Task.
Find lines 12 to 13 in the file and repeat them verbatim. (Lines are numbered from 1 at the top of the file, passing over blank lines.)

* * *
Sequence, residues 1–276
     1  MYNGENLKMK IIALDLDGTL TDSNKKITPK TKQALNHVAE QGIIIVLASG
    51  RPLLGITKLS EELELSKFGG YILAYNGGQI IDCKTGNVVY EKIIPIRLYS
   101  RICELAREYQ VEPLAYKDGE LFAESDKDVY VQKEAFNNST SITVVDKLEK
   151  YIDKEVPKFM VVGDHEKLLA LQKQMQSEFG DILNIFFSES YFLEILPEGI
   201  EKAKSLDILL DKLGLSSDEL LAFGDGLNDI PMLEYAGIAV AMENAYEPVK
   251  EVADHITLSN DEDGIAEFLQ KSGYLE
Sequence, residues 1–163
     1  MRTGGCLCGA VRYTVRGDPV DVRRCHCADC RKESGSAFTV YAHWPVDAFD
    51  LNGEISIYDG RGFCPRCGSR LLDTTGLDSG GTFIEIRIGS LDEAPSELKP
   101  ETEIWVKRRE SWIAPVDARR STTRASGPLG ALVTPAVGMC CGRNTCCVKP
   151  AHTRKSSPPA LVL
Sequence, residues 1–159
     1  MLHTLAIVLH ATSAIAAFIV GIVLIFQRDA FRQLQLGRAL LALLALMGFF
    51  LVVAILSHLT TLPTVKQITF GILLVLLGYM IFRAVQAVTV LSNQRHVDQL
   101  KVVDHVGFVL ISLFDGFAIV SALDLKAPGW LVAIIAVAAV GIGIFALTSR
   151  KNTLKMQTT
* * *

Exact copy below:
   151  AHTRKSSPPA LVL
Sequence, residues 1–159